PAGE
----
Type of Document Dissertation Author Bossak, Brian H URN etd-08312003-201707 Title Early 19th Century U.S. Hurricanes: A GIS Tool And Climate Analysis Degree Doctor of Philosophy Department Geography, Department of Advisory Committee
Advisor Name Title James B. Elsner Committee Chair E. Jay Baker Committee Member R. Dan Jacobson Committee Member Xufeng Niu Committee Member Keywords
- The Historical Hurricane Impact Tool (HHIT)
Date of Defense 2003-06-01 Availability unrestricted AbstractHurricane climate research is based on data spanning the last 100 years or so. To better
understand rare but potentially catastrophic hurricane events it is helpful to have longer records.
Records from historical archives are available, but they need to be collated and edited. Efforts to collate U.S. tropical cyclone information from the first half of the 19th Century using a
Geographic Information System (GIS) have been conducted in this research. The Historical
Hurricane Impact Tool (HHIT) is based on Environmental Systems Research Institute’s (ESRI)
ArcView GIS 3.1. Statements concerning coastal and near-coastal impacts are reproduced within
map callout boxes. The callout boxes point to the geographic location of the documented
information. Map layers are used for different archival sources. The HHIT, which is available in
hardcopy format and will be online in the near future via an internet map server, can be used by
scientists, emergency managers, and the general public to better estimate the risk of a hurricane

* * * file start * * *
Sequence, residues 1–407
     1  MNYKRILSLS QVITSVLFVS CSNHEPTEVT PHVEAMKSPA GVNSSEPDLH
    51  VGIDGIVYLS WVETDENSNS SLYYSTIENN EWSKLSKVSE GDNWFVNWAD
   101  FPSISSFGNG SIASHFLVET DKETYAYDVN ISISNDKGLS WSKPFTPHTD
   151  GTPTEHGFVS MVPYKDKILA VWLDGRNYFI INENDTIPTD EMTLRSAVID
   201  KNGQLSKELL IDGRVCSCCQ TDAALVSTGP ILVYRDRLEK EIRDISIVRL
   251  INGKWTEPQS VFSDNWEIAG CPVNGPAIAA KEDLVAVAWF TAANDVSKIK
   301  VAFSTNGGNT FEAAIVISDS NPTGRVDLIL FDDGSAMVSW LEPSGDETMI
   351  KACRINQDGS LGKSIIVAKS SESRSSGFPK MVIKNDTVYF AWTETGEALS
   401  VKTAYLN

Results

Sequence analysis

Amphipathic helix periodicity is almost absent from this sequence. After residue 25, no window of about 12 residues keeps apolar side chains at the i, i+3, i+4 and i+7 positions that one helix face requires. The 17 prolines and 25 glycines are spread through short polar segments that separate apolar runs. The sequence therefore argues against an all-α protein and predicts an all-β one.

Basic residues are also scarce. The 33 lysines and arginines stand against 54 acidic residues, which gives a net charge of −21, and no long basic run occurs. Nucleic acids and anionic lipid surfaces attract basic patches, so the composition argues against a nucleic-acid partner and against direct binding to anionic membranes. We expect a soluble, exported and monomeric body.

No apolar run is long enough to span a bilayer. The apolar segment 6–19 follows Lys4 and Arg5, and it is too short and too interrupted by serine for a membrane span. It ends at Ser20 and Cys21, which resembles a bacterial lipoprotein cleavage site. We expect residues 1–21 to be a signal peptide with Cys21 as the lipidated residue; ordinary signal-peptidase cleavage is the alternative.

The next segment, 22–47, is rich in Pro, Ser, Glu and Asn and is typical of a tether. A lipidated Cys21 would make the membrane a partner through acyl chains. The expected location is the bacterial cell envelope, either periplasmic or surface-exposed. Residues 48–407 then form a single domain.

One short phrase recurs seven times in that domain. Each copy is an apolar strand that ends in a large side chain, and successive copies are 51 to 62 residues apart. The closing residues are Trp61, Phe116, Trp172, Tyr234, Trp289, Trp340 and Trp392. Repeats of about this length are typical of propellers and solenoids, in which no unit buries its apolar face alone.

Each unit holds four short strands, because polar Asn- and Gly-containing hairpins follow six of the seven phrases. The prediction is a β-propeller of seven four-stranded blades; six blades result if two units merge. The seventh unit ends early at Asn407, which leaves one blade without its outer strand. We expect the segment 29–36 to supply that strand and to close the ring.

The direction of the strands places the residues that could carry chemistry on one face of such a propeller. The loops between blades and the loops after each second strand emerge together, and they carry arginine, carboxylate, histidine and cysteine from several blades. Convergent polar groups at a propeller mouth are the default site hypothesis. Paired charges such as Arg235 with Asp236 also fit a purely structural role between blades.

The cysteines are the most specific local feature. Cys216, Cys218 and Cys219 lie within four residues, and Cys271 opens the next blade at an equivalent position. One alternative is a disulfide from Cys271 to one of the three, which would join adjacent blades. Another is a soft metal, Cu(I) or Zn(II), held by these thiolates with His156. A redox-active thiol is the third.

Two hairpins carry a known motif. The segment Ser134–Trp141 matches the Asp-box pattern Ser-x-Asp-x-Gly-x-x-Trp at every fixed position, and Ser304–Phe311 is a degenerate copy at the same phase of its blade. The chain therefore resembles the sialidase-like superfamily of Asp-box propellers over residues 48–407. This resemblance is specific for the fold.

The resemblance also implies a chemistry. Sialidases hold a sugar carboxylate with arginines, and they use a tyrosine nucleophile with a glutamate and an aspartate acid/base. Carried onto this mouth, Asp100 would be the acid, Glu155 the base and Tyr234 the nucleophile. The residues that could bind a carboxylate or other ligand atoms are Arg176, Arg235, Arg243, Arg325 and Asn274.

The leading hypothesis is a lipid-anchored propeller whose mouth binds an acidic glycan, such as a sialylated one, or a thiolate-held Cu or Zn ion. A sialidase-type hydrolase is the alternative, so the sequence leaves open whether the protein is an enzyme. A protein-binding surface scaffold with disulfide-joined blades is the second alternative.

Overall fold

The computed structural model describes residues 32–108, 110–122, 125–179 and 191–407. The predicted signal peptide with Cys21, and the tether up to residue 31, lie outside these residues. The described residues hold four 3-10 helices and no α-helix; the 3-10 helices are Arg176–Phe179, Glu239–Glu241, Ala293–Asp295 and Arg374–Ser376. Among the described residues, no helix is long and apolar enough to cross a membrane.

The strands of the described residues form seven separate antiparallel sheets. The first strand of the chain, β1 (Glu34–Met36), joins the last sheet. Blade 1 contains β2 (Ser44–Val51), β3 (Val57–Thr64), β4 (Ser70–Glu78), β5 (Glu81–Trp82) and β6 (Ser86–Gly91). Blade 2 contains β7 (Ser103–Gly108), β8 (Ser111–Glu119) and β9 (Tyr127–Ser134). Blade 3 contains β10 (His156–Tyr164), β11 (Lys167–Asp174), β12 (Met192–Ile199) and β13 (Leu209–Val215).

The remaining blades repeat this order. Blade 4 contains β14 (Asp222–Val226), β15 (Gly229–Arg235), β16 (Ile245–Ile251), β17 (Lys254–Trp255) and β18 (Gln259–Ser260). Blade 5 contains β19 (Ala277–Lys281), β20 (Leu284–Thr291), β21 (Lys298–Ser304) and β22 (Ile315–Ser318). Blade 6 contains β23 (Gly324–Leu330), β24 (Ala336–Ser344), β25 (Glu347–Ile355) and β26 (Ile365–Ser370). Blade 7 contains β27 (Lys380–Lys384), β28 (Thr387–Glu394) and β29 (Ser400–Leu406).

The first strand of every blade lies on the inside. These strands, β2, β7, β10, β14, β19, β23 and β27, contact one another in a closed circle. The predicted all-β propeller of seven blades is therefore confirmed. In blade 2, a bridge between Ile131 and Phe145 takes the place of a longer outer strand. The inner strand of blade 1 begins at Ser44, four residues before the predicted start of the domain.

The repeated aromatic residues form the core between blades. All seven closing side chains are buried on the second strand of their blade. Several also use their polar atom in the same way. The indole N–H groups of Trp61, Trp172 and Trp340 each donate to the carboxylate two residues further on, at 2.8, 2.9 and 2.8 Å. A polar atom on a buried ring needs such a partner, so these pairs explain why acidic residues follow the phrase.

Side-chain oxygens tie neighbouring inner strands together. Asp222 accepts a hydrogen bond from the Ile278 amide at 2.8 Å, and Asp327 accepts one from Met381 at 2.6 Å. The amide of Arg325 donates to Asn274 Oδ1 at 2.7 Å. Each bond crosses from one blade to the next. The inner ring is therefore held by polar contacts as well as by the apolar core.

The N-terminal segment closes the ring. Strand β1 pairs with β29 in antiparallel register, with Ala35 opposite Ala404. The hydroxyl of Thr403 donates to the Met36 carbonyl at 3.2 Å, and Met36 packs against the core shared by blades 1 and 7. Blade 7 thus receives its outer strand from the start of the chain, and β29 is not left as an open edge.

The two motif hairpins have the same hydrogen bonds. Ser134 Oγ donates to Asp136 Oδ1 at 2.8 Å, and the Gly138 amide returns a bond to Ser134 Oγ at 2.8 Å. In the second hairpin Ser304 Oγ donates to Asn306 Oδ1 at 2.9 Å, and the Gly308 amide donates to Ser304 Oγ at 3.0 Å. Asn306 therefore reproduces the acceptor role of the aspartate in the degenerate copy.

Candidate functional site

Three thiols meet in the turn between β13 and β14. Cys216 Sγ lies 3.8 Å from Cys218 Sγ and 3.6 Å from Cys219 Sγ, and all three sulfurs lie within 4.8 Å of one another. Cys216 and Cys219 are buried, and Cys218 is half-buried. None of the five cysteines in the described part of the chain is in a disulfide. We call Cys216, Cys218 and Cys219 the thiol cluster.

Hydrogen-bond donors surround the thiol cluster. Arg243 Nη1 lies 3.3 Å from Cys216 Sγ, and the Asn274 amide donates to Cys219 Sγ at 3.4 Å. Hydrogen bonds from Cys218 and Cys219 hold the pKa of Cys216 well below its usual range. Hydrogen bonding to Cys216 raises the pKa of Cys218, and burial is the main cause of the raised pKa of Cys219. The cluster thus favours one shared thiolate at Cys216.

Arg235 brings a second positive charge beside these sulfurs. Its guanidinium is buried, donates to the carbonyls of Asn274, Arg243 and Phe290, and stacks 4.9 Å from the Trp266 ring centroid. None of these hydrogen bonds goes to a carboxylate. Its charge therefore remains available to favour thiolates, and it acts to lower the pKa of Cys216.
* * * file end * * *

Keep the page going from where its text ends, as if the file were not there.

The U.S. hurricane database (“Best-Track”) was recently extended from 1871 back to 1851 through the work of NOAA’s Atlantic Hurricane Reanalysis Project. In addition, the previously mentioned Historical Hurricane Impact Tool (HHIT) has been utilized to collate and list recorded U.S. hurricanes back to the year 1800. The combination of NOAA’s “Best-Track” data back to 1851 and the HHIT collated hurricane list back to 1800 provide an unprecedented look at U.S. hurricane activity since the beginning of the industrial revolution. This research also examines U.S. (major) hurricanes over four 50-year epochs, and then further examines regional trends in U.S. hurricanes. Seasonal distributions are similar across epochs. The earliest epoch contains the greatest ratio of major hurricanes to all U.S. hurricanes. Each epoch is further divided into three separate regions, and hurricane landfalls in Florida and the East Coast region are found to have an inverse relationship. Furthermore, the relationship between climate variables such as ENSO, the NAO, the PDO, and U.S. hurricanes appears to be different in the first epoch (1801-1850) than in the other three epochs (1851-2000). The relationships noted are robust to changes in sample size. A physical explanation for the noted trend is presented in a later chapter. Other climate influences on U.S. hurricanes, including volcanic eruptions and sunspots, are explored for effects on landfall counts.
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